August 10th, 2020

The Social Order

Because I Say So

Theodore Dalrymple

By Theodore Dalrymple City Journal

Published Dec. 31, 2018

Because I Say So

Even Stalin, who had no great objections to falsifying history — to put it mildly — would not have thought of retrospectively changing the sex of a child on its birth certificate. But doing is now standard practice in many Western jurisdictions, where truth and reality must yield to individual wishes or desires, the demand that one can be anything one likes.

But why should an ability to change identity apply only to sex? Why not to other characteristics?

Sex, after all, is not the only characteristic of a person that he or she might wish different.

In England, an actor called Anthony Ekundayo (formerly David) Lennon applied for, and received, a grant from the English Arts Council to foster black leadership in the theater industry. His parents and grandparents were Irish, but he said that he felt black since childhood, when he was taunted because of his unusual appearance. "Although I'm white, with white parents," he said, "I have gone through the struggles of a black man, a black actor."

There are several intersecting ironies in the case.

For a long time it has been held in intellectual circles as an orthodoxy that race categories have no biological reality — they are only the social constructs of an unjust society. And yet, the case of Anthony Ekundayo Lennon has infuriated black actors because he has diverted funds designated for them while not being truly black.

As to the propriety of allocating funds on the basis of race, hardly anyone questions it.

(Visitors to the British National Theatre or the Royal Shakespeare Company would be surprised to hear that black actors are underrepresented in the theater, for in those companies' productions, at least, they seem to be grossly overrepresented, presumably as a result of deliberate policy.)

No one notices, either, the inherent condescension of special funding of black actors and artists in other fields. There are no special funds, for example, for the Chinese, who are presumed able to look after themselves.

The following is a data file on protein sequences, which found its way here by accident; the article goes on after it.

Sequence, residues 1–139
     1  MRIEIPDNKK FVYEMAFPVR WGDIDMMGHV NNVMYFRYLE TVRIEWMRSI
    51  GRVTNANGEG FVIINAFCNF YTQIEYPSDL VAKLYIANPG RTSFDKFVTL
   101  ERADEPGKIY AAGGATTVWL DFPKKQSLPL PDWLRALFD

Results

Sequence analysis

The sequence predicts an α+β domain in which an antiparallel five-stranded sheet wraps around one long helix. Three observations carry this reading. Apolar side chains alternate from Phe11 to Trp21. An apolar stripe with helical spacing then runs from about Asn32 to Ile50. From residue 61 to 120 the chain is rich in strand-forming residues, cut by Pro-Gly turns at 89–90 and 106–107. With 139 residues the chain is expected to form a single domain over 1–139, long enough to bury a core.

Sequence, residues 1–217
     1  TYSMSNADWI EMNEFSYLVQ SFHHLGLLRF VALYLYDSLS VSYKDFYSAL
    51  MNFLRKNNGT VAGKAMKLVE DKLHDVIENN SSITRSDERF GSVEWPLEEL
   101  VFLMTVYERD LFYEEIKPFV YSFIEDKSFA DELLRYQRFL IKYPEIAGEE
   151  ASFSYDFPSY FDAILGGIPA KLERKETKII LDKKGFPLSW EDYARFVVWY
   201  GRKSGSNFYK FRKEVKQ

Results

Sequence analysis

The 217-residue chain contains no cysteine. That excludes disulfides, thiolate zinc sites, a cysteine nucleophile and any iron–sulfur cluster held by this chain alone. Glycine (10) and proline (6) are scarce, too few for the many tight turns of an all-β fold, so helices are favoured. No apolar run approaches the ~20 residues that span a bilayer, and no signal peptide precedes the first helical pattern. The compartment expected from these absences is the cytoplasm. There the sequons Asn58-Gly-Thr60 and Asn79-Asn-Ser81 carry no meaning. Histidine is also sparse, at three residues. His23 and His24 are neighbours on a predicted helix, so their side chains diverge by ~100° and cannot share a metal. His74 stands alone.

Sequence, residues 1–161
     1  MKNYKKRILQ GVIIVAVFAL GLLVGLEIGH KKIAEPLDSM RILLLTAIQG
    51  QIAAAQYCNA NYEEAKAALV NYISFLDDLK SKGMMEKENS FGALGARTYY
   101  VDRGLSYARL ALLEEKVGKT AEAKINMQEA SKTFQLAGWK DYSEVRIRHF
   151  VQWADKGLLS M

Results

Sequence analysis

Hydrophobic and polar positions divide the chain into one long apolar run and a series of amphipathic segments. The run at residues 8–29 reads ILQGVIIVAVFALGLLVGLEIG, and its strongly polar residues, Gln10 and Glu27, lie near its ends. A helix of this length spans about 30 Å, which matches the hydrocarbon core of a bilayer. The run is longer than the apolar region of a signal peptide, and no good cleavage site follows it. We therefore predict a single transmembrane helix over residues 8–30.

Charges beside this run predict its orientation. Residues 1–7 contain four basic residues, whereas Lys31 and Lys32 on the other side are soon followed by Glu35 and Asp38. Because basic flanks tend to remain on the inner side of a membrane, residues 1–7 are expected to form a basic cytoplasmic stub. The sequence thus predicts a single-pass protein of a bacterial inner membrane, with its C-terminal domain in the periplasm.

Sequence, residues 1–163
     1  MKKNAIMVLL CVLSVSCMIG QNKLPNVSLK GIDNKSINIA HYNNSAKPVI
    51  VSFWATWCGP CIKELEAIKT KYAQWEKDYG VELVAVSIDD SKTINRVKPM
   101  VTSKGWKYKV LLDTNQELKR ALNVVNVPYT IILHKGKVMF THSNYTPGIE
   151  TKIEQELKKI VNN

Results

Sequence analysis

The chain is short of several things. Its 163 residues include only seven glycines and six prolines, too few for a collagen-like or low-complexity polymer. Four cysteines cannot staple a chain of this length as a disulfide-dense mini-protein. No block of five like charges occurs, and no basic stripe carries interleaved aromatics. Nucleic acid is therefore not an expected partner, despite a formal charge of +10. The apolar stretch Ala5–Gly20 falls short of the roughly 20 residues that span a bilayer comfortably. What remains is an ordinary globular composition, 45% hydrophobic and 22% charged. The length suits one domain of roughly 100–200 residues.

Meantime, in the Netherlands, a man has gone to court to seek the right to change his age. Emile Ratelband, 69, a "motivational speaker," has claimed that he is discriminated against because of his age. Women do not reply to him on dating sites because of it, though his doctor has told him that he has the body of a man of 49. He has applied to the court to have 20 years knocked off his legal age, pointing to the ability of transsexuals to change their sex as a precedent. The judge admitted that the latter would have been considered unthinkable only a few years ago.

So age, sex, and race should be matters of choice. The question that springs to mind is, What next?

Surely many of us would prefer to be recorded on medical or insurance records as the height and weight we know ourselves to be, rather than the shorter and plumper metrics ascribed to us, falsely, by society and its empirical tools.

The demand to choose and alter one's identity at will seems to be the Promethean bargain gone mad, people now being unable to accept any inherent limitations that do not accord with their hearts' desire. You are what you feel like being, and you demand public, official, and backdated recognition of your desired identity.

Those who wish the West ill must be rubbing their hands with glee to observe a population so decadent. Lawyers, too, will be pleased. It can only mean a future, not of a war of each against all, but of litigation of each against all.

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Theodore Dalrymple is a contributing editor of City Journal, where this first appeared, is the Dietrich Weismann Fellow at the Manhattan Institute, and the author of many books, including Not with a Bang but a Whimper: The Politics and Culture of Decline.

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